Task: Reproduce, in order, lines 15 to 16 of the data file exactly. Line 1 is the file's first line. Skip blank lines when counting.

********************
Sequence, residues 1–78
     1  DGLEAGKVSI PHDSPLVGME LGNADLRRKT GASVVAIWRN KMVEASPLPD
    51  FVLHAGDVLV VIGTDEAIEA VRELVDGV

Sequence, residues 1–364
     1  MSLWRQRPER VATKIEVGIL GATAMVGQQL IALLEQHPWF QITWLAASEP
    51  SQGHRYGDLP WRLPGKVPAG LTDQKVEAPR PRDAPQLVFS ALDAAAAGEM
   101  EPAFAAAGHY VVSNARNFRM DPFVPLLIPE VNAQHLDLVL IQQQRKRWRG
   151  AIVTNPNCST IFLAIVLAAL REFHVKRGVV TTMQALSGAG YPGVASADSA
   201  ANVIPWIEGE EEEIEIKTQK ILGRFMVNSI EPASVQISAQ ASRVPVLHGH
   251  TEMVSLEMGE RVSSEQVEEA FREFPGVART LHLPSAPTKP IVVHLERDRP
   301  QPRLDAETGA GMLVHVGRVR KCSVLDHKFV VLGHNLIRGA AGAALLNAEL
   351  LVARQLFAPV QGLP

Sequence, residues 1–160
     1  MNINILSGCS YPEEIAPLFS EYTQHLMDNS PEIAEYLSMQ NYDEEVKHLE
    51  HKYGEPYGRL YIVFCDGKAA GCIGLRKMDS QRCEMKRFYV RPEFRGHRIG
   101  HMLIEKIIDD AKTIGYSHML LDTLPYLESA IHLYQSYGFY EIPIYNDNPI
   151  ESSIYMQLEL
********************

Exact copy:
    51  HKYGEPYGRL YIVFCDGKAA GCIGLRKMDS QRCEMKRFYV RPEFRGHRIG
   101  HMLIEKIIDD AKTIGYSHML LDTLPYLESA IHLYQSYGFY EIPIYNDNPI